Aug. 15 - The OECD has raised concerns over the rising cost of food prices globally as Romania becomes the latest country to report devastated crops due to drought. Hayley Platt reports.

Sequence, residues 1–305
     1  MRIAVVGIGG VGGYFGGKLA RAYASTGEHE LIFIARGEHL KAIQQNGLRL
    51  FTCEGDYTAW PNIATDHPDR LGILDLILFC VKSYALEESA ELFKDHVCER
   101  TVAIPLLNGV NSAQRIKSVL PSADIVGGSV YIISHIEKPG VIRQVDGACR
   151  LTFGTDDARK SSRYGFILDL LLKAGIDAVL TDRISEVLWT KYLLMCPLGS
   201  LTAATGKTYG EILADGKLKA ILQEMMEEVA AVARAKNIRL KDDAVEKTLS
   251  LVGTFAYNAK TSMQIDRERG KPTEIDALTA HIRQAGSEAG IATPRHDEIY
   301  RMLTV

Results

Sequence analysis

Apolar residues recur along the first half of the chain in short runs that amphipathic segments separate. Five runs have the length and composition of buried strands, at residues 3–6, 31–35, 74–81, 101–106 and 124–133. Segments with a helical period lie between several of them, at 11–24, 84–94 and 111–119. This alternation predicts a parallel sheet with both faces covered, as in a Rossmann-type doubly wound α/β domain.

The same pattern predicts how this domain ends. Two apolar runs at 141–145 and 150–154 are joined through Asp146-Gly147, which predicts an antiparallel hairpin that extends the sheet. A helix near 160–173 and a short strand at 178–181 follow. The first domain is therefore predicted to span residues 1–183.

Emil Dinca's farm in Seaca, Romania, would normally be bursting with crops at this time of year. Instead he says he'll be lucky to salvage 20 percent thanks to soaring temperatures and drought. (SOUNDBITE) (Romanian) ROMANIAN FARMER EMIL DINCA, SAYING: "We will probably lose much of our wheat, barley, corn and sunflower crops. We will have to rely on subsidies to keep going." Romania may not be a major supplier but drought is a global problem. In some parts of Russia the grain harvests are down by 50 percent Mexico too is experiencing it's worst drought in seven decades with almost 70 percent of the country affected. And it's the worst drought for 56 years in the U.S. That pushed last month's corn prices up by 23 percent. The OECD's Secretary General Angel Gurria says a crisis is looming. SOUNDBITE: Angel Gurria, OECD Secretary General, SAYING (English): "More people are going to bed hungry because they cannot make ends meet. They cannot buy enough food as they used to yesterday or a month ago before these prices went up, so the issue has to be addressed." Food inflation is becoming a political issue - G20 leaders are reportedly due to discuss it during a phone conference later this month. SOUNDBITE: Angel Gurria, OECD Secretary General, SAYING (English): "If there is a very bad crop in a very important producer country there are bound to be increases in prices in general but also can we improve the question of trade by compensating where there are scarcities." The OECD says a meeting of agriculture ministers may be called before the end of the month. And food prices are being closely watched in the meantime. Hayley Platt, Reuters.